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From insurance agents to entrepreneurs, Mat-Su crowd eager to talk pot

  • Author: Zaz Hollander
  • Updated: September 28, 2016
  • Published January 15, 2015

PALMER -- Tracking with the Valley's farm roots and small business spirit, entrepreneurial drive and agriculture dominated a crowded marijuana forum in Palmer on Thursday night.

At least 150 people turned out for the packed but civil work session hosted by the four mayors in the Matanuska-Susitna Borough. The officials told the crowd they wanted feedback as they craft local strategies from taxes to business regulations and work with legislators on statewide policy.

Many in attendance urged them to let legitimate pot businesses thrive in a fair taxation atmosphere that replaces the borough's humming black market.

The Valley is already world-renowned for its marijuana, one audience member noted. Another tossed out some big albeit unsourced numbers.

"I can't tell you how many people are growing pot here in Alaska, but judging from the quality of pot that I see, I'm going to guess that a good bit of the 20 tons of marijuana smoked in Alaska is grown right here," said Keith Searles, author of the denalismoke.com blog. "If that's the case, there's at least 1,000 people surreptitiously growing top-quality dope here in the Mat-Su."

Sarah Williams said she's the CEO of a new company called Midnight Greenery that hopes to settle in Wasilla as a "seed to sale" facility -- cultivation, production and dispensing.

Wasilla insurance agent Jason Spracher was already working the crowd in expectation of cannabis entrepreneurs springing up around the Mat-Su to handle production, manufacturing, distribution and security.

"If anybody wants any help setting up their business, please give me a call," he said, to laughter. "I know it is a business pitch, but at the same time, you guys have to think about it from a legitimate business standpoint."

A number of people told the officials they want a local preference that gives Alaskans the first crack at the state's fledgling industry growing and selling cannabis for recreational, medical and industrial markets.

"We are a state that didn't vote this in because we wanted to bring in Outside entrepreneurs," Williams said. "We wanted to grow from the inside."

She, like a number of others, pressed for a contaminant testing requirement and permitting of grow operations several months ahead of dispensaries to avoid supply bottlenecks like those in Washington state.

Some in the crowd were more cautious about the Valley's latest potential cash crop.

A number of people urged the local officials to make sure edible marijuana candies or cookies carry child warning labels. Some wondered if their jobs could be threatened by secondhand smoke that turns up in drug tests.

Yukon Tanner, a power theft investigator with Matanuska Electric Association, recommended special inspections to cut down on power theft.

"We collected as much as $278,000 from one individual who had a grow," Tanner said.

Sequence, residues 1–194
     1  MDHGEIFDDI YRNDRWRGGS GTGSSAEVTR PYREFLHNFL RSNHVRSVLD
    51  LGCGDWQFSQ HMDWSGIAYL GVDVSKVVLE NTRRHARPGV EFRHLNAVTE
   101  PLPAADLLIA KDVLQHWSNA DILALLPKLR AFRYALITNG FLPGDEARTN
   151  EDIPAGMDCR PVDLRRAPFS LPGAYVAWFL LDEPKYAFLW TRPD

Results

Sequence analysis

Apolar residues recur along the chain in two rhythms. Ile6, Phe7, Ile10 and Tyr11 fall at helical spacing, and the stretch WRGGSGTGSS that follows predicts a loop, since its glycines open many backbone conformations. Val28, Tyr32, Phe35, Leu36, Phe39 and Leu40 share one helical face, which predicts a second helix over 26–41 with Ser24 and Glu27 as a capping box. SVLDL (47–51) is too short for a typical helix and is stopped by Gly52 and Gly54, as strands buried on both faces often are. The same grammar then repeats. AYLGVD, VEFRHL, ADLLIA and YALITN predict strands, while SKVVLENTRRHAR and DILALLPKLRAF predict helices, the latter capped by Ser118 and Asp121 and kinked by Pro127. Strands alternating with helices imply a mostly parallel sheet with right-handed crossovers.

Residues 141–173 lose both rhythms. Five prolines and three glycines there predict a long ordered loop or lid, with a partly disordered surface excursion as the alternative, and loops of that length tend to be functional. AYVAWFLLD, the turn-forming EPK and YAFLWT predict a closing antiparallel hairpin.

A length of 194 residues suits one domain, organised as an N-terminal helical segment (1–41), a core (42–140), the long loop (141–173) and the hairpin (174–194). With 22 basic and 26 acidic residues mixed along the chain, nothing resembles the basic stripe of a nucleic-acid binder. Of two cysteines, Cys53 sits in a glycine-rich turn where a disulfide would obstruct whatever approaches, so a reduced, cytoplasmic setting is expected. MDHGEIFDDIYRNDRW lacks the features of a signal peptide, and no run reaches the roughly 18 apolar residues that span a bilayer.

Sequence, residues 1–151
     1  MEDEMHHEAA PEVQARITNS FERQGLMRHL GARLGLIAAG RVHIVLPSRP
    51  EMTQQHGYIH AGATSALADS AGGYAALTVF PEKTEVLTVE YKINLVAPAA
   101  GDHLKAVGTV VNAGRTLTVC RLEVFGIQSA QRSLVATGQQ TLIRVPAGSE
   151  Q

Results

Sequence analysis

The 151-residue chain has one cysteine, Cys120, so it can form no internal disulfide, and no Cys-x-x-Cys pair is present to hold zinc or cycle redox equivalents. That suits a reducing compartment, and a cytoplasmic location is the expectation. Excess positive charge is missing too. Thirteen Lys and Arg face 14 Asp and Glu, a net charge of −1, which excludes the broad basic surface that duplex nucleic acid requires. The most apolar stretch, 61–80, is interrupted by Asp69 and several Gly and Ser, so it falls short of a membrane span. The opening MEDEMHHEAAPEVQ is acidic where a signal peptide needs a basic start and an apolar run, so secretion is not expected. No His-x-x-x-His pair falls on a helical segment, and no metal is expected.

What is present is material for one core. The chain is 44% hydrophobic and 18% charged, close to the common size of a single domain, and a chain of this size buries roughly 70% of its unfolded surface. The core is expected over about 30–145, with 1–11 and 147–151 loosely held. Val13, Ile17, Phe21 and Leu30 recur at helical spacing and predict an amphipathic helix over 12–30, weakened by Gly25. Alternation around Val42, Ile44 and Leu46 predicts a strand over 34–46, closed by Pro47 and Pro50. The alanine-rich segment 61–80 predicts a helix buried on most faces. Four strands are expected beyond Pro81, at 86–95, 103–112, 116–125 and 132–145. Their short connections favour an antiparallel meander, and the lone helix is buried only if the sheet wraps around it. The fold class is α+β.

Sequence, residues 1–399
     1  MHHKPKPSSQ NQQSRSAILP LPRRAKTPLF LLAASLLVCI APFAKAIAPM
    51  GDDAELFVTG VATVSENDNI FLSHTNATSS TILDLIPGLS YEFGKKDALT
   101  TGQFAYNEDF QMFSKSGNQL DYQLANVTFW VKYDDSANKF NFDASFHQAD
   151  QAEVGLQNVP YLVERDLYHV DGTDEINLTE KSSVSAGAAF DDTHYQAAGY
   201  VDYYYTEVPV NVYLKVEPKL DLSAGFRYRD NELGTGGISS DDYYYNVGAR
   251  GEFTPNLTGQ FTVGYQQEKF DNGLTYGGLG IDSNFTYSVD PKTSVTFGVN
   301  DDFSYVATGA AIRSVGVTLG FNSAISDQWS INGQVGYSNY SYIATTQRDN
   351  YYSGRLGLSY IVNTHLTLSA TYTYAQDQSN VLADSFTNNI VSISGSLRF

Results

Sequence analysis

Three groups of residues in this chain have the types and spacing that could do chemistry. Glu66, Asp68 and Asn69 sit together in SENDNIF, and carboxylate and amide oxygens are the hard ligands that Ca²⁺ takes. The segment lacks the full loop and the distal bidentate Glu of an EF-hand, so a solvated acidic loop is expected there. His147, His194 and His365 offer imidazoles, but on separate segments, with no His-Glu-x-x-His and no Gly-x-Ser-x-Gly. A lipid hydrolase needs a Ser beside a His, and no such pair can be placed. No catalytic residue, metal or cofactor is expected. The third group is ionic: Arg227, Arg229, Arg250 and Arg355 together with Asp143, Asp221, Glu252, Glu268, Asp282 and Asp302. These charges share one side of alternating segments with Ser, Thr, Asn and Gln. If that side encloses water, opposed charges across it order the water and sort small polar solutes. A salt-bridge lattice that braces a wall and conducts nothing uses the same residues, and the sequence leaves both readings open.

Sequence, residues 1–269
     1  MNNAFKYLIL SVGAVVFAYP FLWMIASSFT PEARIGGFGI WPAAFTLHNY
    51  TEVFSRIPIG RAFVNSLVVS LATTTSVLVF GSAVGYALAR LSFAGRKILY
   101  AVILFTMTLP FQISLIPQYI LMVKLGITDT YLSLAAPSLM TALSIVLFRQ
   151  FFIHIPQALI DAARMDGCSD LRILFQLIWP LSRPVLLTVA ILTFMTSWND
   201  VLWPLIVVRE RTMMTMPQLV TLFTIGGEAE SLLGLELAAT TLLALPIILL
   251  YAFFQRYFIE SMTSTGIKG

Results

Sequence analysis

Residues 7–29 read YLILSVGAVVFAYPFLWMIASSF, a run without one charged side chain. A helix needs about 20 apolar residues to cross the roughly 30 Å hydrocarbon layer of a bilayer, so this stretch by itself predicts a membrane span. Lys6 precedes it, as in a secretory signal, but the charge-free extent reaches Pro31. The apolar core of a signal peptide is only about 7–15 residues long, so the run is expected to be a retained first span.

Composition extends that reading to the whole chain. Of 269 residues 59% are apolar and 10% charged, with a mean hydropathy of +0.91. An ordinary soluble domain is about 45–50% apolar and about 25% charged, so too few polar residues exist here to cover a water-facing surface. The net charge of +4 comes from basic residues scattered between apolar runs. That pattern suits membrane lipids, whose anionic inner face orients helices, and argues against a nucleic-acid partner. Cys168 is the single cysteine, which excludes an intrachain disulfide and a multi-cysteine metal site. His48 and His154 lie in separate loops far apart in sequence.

But Bruce Schulte, spokesman for the pro-initiative Coalition for Responsible Cannabis Legislation, countered that power theft should drop.

New regulations done right will "allow black market operations to move their $100 million-plus industry to a regulated legitimate business model," Schulte said.

The idea of differentiating cannabis bound for recreational and medicinal markets also came up throughout the night. Advocates for medical marijuana pressed for a lower tax rate.

Palmer counselor Susan Whitefeather said she supports lower tax rates for medical marijuana but not differentiation by chemical makeup. Research is a "moving target" on which of the five known alkaloids in marijuana have certain effects on medical patients, Whitefeather said. "Trying to be chemists and medical professionals about it isn't probably going to serve our best interests in the long term."

Several people told the mayors they were medical marijuana users but Alaska makes it almost impossible for them to get their medicine. A Houston resident said she went without it for six months last year after Alaska State Troopers seized her plants.

Several people pressed for the separation of industrial hemp into a totally different category.

"This part of the state is uniquely set up to capitalize on that commodity," Schulte said.

The Mat-Su as a whole voted down Ballot Measure 2, the initiative that legalizes marijuana for recreational use next month and retail sales next year, though voters in the cities of Palmer and Houston backed it. Voters in Wasilla didn't.

The borough Assembly will discuss a draft resolution addressing the Mat-Su stance on marijuana regulation at a regular meeting Tuesday night. Assembly member Jim Sykes has also proposed another resolution calling for the creation of a new Marijuana Advisory Committee.

Local governments like the borough will have the power to prohibit or adopt regulations governing marijuana cultivation and manufacturing facilities, as well as retail stores and testing facilities.

The initiative established only a framework for legalization, Sykes' resolution notes.

There is still a lot of uncertainty about what laws the state will roll out.

What role will unorganized boroughs play? Sykes asked the mayors Thursday night. If contaminant testing becomes law, how will growers in Tununak or Arctic Village get their product to a lab?

"I believe we do need a lot of advice," he said.

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